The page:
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Added: Ulises Valladares - Date: Peter M Nilsson does not work for, consult, own shares in or receive funding from any company or organisation that would benefit from this article, and has disclosed no relevant affiliations beyond their academic appointment. Unlike its Nordic neighbours, Sweden has adopted a relatively relaxed strategy, seemingly assuming that overreaction is more harmful than under-reaction.
Although the government has now banned gatherings of more than 50 peoplethis excludes places like schools, restaurants and gyms which remain open. Let s have Sweden and more m now are taking sides, with some arguing that publicly criticising the authorities only serves to undermine public trust at a time when this is so badly needed. Others are convinced that Sweden is hurtling toward a disaster of biblical proportions and that the direction of travel must change. The truth is that of all these opinions, none is derived from direct experience of a global pandemic.
No one knows for sure what lies ahead. In epidemics, prediction models help guide the choice of interventionsassess likely social and economic impacts, and estimate hospital surge capacity requirements. All prediction models require input data, ideally derived from past experience in comparable scenarios. And we know the quality of such input data is poor. But demographics and patterns of social interactions differ from country to country.
Sweden has a small population and only one real metropolitan area. But with a two-week lag between diagnosis and death, this a very blunt instrument with which to guide decision making. This is the extent to which hospitals will need to boost their capacity to deal with the high of very ill COVID patients that are likely to need specialist care in the coming weeks. From these simulations, it is clear that the Swedish government anticipates far fewer hospitalisations perof the population than predicted in other countries, including Norway, Denmark and the UK. The reason appears to be that Swedish authorities believe there are many infected people without symptoms and that, of those who come to clinical attention, only one in five will require hospitalisation.
At this point, it is hard to know how many people are asymptomatic as there is no structured screening in Sweden and no antibody test to check who has actually had COVID and recovered from it. But substantially underestimating hospital surge requirements would nevertheless be devastating.
On the other hand, some other geographical areas are relatively spared, at least for the moment. There is no doubt that the epidemic will spread, but the speed of this is disputed. The national Public Health authorities are also sceptical about the need for lock-down in most of the country, but discussions are now ongoing to enforce such an intervention in the capital area. There are several arguments supporting the current official Swedish strategy.
These include the need to keep schools open in order to allow parents who work in key jobs in health care, transportation and food supply lines to remain at work. Despite other infectious diseases spreading rapidly among children, COVID complications are relatively rare in children. A long-term lockdown is also likely to have major economic implications that in the future may harm healthcare due to lack of resources. This may eventually cause even more deaths and suffering than the COVID pandemic will bring in the near term.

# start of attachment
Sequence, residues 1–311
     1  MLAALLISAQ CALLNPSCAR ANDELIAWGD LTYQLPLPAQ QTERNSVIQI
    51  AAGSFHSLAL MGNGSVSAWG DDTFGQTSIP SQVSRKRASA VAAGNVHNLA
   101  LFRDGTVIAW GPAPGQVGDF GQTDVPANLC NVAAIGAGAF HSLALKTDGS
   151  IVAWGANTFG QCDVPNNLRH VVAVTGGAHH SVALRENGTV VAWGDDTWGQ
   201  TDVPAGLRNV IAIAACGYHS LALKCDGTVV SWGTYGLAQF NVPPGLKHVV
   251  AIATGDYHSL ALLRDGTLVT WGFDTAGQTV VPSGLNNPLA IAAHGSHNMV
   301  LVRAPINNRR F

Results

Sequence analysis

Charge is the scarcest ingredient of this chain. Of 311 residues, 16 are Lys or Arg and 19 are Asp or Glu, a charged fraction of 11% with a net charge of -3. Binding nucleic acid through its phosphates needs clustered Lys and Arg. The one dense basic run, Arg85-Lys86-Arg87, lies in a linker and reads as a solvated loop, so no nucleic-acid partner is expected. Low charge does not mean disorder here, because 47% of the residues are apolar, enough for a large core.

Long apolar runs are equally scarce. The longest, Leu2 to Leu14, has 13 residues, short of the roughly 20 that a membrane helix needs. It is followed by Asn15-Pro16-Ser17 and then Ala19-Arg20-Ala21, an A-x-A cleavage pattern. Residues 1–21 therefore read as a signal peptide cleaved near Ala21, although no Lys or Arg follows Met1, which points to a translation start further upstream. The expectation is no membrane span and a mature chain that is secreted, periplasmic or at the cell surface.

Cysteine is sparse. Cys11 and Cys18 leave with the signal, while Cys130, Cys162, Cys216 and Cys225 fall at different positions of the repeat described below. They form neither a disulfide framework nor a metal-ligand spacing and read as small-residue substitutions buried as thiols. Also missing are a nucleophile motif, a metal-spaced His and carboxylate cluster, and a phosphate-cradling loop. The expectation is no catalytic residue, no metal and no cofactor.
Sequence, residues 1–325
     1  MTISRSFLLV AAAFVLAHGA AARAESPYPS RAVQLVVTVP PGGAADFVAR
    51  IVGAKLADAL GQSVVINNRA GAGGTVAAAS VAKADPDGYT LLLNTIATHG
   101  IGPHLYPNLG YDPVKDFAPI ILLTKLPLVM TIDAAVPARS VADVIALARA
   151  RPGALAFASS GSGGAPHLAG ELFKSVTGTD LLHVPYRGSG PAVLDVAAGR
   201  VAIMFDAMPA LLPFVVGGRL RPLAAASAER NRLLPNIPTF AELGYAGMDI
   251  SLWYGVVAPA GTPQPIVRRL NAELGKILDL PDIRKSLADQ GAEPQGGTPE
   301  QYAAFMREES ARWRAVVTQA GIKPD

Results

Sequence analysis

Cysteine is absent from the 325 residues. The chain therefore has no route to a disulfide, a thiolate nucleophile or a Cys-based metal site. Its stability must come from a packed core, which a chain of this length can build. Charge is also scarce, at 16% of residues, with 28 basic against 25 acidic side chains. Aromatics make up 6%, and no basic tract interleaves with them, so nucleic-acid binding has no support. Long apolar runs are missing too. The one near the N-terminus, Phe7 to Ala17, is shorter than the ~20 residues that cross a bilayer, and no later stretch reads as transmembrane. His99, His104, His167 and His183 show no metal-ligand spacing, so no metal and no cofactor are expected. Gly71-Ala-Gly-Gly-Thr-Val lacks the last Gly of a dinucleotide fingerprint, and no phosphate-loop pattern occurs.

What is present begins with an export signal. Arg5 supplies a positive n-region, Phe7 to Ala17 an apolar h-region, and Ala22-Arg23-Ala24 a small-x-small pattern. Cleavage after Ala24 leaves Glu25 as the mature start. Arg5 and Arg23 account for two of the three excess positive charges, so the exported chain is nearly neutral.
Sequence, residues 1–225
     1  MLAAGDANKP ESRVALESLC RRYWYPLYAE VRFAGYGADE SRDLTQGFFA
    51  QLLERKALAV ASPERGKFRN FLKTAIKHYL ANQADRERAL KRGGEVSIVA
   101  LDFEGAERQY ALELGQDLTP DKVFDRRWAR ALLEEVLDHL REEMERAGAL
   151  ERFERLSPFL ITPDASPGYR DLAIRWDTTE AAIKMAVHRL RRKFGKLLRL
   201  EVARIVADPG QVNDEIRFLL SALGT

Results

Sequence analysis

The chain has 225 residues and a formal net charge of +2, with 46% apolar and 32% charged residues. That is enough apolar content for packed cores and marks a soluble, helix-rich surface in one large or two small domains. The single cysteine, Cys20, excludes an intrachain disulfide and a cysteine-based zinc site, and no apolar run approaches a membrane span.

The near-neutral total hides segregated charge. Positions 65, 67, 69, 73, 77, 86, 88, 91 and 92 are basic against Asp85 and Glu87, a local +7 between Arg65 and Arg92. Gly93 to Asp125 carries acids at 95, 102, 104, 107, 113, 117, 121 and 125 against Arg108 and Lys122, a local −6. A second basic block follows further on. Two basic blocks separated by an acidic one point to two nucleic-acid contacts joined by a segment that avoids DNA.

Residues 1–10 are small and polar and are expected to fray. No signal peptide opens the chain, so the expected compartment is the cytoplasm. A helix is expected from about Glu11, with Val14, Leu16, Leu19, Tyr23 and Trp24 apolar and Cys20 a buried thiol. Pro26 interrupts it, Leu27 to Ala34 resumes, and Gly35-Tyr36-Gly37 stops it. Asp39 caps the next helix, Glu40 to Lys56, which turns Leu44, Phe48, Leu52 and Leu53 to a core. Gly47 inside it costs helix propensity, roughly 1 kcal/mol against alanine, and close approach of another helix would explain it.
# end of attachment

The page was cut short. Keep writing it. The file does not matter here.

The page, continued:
A century ago, Sweden was recovering from the first world war, even though the country stayed neutral. Internal transportation and communication systems were less developed than in many other countries at the time, which helped slow the spread of the epidemic. In the short term, this was perceived to be a good thing, but because herd immunity — whereby enough people have been infected to become immune to the virus — had not been initially achieved, there were at least two additional epidemics of the Spanish flu virus within a year.
The second wave of infections had a higher mortality rate than the first wave. Learning the lesson from this, many people in Sweden are now optimistic that it can achieve herd immunity. This may be quickly achieved in countries that do not have intensive mitigation or suppression strategies.
This may also lower the risk of further waves of the epidemic. This would take into not just the loss of lives from the pandemic, but also longer term social and economic negative consequences and the deaths they may cause. Ultimately, given the uneven and relatively modest spread of the virus in Sweden at the moment, its initial strategy may not turn out to be reckless. But going forward, Sweden is likely to have to impose stricter restrictions depending on how the virus spre, especially in metropolitan areas or when the healthcare system is under severe strain.
Be Curious — Leeds, Leeds. Edition: Available editions United Kingdom.Personals in Natadola for flings
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